Introduction


Blessed with distinctive geographic features, spectacular mountains and rivers, and beautiful landscape, southern Taiwan has long been the birthplace of Taiwan's indigenous peoples, including the Tsou, the Hla'alua, the Kanakanavu, the Bunun, the Paiwan, the Rukai, the Makatto, and the Siraya. Tribes which settled and developed here have acquired an intimate knowledge of agroecology and environment management science echoing the contemporary attitude toward environment conservation. We can learn indigenous peoples' land ethics and lifestyles and realize how they live in harmony with all God's creation and with the planet by feasting our eyes on the lush sacred trees on Ali Mountain and the sea of clouds covering the Dawu mountain range, or enjoying the solemn traditional festival Mayasvi of the Tsou and the five-year worship Maleveq of the Paiwan. Unfortunately, modern colonialism, industrial revolution, global economy, and national policies are endangering the cultural treasures cherished by Taiwan's indigenous peoples.

Over the past two decades, issues related to indigenous peoples have been given priority in political, cultural and academic circles since the rise of Taiwanization and multiculturalism, with a boom in indigenous cultures, arts, music, movies, architecture, history and literature. However, such fervor failed to support tribal rebirth and cultural regeneration. In recent years, more and more people in Taiwan go on trips at their leisure, and remote tribal villages, of course, are the destinations of choice for relaxation for urban residents. Moreover, after the national policy of taking two days off per week became something of a ritual, tribal villages become absolute musts for all lovers of travelling and recreation. However, indigenous peoples, unexpectedly, are caught in a thorny dilemma: the more tourists come, the more pollution and damage to the environment they create. Traditional festivals, gorgeous buildings, beautiful music, eye-catching clothes and tribal delicacies cannot bring prosperity to tribes. On the contrary, lovely tribes are still marginalized and economically disadvantaged under Taiwan's asymmetrical social and economic environment.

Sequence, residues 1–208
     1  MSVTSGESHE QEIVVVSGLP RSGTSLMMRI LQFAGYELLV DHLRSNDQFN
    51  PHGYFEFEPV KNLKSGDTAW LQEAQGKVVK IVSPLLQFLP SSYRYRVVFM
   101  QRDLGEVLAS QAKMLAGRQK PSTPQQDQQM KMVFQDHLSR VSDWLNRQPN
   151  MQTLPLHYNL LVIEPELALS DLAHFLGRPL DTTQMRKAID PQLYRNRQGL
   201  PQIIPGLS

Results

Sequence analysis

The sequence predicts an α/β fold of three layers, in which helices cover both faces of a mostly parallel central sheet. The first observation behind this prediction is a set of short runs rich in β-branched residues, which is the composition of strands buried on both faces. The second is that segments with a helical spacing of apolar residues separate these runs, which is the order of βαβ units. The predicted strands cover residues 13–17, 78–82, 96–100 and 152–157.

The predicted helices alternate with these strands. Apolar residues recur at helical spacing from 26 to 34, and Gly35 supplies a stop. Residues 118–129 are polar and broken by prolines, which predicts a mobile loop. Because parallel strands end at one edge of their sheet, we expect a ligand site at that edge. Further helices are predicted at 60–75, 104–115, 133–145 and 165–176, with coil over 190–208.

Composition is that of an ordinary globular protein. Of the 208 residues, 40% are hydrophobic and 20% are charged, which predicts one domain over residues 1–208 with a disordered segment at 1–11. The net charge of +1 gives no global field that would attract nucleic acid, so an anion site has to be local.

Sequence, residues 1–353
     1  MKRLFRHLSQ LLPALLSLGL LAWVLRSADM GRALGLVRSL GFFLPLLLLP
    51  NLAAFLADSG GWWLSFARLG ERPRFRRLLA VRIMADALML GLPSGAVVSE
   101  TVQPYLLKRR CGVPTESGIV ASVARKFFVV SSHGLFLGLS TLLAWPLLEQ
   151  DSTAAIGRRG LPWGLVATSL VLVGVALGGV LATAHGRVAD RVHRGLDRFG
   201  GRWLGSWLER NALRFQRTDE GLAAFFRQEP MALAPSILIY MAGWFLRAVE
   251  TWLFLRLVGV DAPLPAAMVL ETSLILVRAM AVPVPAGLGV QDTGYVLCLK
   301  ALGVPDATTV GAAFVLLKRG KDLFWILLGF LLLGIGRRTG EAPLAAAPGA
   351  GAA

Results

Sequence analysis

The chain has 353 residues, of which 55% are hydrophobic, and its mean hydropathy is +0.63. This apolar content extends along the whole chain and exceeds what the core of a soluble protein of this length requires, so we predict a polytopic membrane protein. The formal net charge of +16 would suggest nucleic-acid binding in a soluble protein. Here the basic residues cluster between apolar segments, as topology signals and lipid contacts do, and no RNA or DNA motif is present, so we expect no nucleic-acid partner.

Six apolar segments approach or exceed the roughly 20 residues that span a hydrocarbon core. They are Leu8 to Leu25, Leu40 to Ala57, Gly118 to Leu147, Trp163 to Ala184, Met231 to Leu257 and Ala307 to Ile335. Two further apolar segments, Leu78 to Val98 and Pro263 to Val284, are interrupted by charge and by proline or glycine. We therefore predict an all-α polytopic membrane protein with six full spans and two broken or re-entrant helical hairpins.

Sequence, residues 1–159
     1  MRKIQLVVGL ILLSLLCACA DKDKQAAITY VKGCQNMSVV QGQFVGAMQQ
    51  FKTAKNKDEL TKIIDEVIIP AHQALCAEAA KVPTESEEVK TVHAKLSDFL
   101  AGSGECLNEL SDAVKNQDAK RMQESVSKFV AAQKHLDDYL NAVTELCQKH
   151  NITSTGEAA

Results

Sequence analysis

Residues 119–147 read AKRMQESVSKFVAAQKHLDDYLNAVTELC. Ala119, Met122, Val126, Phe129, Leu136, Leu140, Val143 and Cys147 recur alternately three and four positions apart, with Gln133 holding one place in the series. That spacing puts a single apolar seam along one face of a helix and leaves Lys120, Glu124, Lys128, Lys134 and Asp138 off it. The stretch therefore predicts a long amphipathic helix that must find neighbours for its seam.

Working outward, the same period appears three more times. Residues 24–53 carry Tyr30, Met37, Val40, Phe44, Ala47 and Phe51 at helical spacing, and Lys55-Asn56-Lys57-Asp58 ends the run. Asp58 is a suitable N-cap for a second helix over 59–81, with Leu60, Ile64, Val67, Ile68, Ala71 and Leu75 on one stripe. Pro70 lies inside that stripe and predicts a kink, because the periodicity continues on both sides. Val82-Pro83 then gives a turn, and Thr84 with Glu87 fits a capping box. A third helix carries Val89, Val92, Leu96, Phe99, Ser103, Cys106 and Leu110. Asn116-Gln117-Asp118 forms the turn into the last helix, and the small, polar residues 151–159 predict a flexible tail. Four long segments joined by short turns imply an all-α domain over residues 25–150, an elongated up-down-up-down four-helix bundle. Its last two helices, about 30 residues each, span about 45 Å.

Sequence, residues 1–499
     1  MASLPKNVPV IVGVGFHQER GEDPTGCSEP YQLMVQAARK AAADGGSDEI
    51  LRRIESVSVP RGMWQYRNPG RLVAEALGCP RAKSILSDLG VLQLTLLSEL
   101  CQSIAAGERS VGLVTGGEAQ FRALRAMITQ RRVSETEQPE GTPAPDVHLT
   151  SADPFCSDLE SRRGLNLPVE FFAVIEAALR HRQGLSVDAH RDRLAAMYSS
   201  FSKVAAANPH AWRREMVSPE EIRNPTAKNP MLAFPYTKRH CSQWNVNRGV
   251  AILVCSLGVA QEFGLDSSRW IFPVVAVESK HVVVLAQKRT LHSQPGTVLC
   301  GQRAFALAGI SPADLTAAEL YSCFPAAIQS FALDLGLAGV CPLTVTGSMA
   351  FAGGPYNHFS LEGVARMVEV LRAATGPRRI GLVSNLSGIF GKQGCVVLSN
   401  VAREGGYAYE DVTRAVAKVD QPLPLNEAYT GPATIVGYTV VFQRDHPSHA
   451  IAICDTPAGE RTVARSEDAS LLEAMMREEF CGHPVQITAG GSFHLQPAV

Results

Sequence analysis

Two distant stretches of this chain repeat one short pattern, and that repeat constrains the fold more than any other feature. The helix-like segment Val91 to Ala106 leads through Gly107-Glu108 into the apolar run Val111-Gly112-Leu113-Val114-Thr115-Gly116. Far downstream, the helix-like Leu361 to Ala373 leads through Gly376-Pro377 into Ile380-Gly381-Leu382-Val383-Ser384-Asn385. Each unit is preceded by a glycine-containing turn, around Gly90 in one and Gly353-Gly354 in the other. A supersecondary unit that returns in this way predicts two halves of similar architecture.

Located near the confluence of tributaries of Gaoping River, I-Shou University is the traffic hub on the foot of the mountain range in Kaohsiung and Pingtung areas. As the distance of the University from the remotest indigenous township in southern Taiwan is less than 80 kilometers, the University is considered being situated in the geographical center of tribes in southern Taiwan. Over the past thirty years, the University has numerous talented indigenous graduates, thus playing an important role in the social and economic development of indigenous peoples. As the educational heartland in southern Taiwan, the University aspires to nurture theoretical knowledge and practical skills of communication and design as well as tourism and hospitality in indigenous students in the hope of backing up the regeneration of tribes.